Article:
Abstract and Keywords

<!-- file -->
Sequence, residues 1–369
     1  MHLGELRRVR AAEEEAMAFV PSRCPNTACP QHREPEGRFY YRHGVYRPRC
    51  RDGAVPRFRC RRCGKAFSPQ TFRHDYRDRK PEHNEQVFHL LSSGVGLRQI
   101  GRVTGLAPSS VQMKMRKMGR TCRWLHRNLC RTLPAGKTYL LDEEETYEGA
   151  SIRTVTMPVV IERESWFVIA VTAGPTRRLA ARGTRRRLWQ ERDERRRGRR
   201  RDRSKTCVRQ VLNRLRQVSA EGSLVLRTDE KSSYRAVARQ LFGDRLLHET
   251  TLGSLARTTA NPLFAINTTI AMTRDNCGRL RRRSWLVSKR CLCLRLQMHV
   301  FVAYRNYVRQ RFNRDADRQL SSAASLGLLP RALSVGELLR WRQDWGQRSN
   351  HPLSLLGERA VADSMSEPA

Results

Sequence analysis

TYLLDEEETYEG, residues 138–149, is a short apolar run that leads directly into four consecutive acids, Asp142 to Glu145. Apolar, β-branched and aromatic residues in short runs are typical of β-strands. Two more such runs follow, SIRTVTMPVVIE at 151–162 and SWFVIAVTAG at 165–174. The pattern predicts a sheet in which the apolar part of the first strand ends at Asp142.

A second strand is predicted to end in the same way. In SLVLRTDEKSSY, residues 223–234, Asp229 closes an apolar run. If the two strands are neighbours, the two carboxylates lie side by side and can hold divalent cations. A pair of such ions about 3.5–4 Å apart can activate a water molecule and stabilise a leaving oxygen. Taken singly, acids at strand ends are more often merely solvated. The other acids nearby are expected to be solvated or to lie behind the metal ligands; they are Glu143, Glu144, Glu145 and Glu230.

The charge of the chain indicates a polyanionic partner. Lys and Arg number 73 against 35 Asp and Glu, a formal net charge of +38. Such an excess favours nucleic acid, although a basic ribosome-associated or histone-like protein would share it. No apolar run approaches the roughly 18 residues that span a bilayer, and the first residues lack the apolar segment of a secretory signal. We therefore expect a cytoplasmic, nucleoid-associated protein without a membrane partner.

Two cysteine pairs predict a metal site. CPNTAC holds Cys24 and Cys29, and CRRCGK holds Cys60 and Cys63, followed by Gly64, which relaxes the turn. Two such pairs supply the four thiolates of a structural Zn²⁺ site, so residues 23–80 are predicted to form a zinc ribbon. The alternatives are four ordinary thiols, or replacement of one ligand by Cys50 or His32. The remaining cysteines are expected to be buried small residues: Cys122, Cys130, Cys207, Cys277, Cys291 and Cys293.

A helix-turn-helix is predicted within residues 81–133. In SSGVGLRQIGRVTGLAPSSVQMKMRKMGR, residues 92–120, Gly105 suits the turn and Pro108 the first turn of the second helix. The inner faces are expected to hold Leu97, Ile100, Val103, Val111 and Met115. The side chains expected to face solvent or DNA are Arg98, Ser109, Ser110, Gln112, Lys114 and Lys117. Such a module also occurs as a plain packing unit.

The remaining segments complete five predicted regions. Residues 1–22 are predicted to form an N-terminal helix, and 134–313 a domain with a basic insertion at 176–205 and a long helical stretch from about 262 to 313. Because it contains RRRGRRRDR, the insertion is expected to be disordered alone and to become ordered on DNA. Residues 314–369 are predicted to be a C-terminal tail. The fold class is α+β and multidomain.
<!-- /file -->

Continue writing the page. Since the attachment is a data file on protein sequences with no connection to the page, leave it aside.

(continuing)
Food is the most basic need of man. What we eat and how we eat is a reflection of our relationship with the natural environment. However, food is important not only as a physical necessity; it is also an indication of the multitude of relationships that we form with others as individuals, communities, and nations. Indeed, food has embedded political, socioeconomic, and cultural meaning. Modern racialization has been linked to connections between food, identity, and power. Mary Douglas has noted a distinction between "pure" and "polluted," one that establishes both the significance and the socially constructed nature of our ideas about the edibility of food. Drawing on both primary research and secondary sources, this article looks at the history of food and how it is connected with race and ethnicity in the United States. It also examines the colonial roots of American regional cooking, exclusion and assimilation of immigrants in nineteenth-century America, and racialization and inequality in American foodways in the twenty-first century.
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